Tuesday, August 12, 2014

8/12/2014 04:09:00 PM
Someone wasted no time adding Shepard Smith calling Robin Williams a coward for killing himself to Wikipedia. It has since been removed, but as you can see above, search engines still captured the change. Smith has since issued an apology, but we all know that was just done as damage control.

Smith also committed a flub a few years ago on live television about Jennifer Lopez giving or getting blow jobs. I'm not exactly sure which one.



I frankly don't care about Smith's apology. He let us know how he really feels about this situation and he's entitled to his opinion. However, it just so happens to be a terrible one.

A lot of people have been writing and posting about what Robin Williams meant to them. Some from celebrities like the Twitter story that Norm MacDonald told, and others expressing their grief by telling the stories of what Robin Williams meant to them.

I'm not going to pretend like I actually knew him, but there's something about growing up with someone on your television that makes you feel that way. Everyone has their demons, and there's no one who knows that better than a comedian. There's something screwed up about us that makes us want to do comedy. Humor can be a defense mechanism, and even a weapon at times. I don't know what his demons were, but he touched a lot of people. He made us laugh despite whatever he was going through at every step of the way.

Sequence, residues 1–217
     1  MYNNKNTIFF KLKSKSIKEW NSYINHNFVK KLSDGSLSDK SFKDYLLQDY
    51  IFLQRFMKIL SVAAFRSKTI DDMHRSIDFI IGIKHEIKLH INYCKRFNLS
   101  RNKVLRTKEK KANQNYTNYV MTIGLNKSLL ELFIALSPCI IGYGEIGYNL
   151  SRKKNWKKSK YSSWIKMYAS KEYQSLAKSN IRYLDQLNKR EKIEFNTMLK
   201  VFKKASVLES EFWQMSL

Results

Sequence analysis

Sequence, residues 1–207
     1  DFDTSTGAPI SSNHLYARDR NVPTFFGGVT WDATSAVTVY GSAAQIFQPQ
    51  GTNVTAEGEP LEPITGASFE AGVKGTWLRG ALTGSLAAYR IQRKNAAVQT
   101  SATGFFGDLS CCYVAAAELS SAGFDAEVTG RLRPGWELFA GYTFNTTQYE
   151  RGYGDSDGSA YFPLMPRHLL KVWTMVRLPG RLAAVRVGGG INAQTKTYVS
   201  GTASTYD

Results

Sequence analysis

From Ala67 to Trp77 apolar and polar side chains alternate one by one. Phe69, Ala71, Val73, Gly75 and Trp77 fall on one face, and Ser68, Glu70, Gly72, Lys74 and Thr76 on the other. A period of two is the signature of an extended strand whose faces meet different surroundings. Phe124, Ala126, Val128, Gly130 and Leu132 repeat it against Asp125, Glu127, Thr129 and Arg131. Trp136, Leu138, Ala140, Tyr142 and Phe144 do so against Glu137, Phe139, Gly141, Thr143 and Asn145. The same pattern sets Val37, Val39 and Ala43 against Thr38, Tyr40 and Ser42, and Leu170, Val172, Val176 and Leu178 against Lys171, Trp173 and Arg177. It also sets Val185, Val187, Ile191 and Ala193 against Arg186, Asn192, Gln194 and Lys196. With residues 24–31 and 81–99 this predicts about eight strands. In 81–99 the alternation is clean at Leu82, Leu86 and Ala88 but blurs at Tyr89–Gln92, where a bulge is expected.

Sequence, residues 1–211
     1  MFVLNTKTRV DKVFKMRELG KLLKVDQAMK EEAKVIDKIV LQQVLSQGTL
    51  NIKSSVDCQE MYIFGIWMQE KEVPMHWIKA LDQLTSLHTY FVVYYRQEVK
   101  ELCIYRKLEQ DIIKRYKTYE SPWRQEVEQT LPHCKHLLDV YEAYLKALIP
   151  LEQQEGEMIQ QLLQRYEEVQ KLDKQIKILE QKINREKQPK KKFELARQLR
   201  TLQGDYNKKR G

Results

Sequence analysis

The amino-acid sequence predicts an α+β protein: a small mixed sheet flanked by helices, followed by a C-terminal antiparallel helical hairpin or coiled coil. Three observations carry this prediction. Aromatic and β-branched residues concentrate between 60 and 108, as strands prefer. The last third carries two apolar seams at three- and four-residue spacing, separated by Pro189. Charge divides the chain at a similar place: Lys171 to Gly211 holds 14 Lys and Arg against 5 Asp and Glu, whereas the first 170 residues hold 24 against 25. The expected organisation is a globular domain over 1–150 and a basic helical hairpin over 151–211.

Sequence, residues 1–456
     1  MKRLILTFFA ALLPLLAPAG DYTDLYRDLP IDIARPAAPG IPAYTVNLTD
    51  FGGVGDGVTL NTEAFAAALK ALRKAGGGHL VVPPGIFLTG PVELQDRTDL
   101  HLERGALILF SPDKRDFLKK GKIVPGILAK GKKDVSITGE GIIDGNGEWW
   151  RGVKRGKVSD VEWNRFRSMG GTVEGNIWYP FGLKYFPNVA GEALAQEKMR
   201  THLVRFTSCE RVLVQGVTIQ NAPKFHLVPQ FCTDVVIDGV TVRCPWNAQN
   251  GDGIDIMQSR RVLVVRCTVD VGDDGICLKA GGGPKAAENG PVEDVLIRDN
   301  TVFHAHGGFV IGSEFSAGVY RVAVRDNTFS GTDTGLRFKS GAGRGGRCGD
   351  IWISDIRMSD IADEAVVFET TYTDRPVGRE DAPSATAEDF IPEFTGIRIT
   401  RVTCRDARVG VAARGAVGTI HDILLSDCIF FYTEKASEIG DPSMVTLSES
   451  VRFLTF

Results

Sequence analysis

I grew up watching Mork & Mindy and with his stand up. He's one of the people that inspired me to want to be a comedian...and in some ways discouraged me, because he was so damn good at it. I felt like I could never be that good.

I can only imagine what his family must be feeling and going through right now. A close friend of mine killed himself  a few years ago and that's left a scar that I will carry with me forever. Was there something I could have done? Could I have prevented this somehow? Regardless of the answers that you'll never get, there's now a gaping hole in your world.

The world of comedy now has a gigantic hole in it. There's no amount of success, money, or drugs that can take away your demons. You have to struggle to deal with them yourself, and recognize when you need help doing it. Don't be too proud to reach out for help.

One of the creepiest things I have found on the internet in the wake of  his suicide is this message board that someone posted a few days ago, last Friday, with the headline "Are people bracing themselves for the fact that Robin Williams will die soon?"


Another website, which clearly has never heard the phrase "too soon," has started a backlash of all of the love and mourning for the death of Robin Williams. The article mocks those of us who dare to remember and mourn the loss of a comedy genius. It never surprises me how cruel people can be.

A lot of us were inspired and touched by Robin Williams. Deal with it.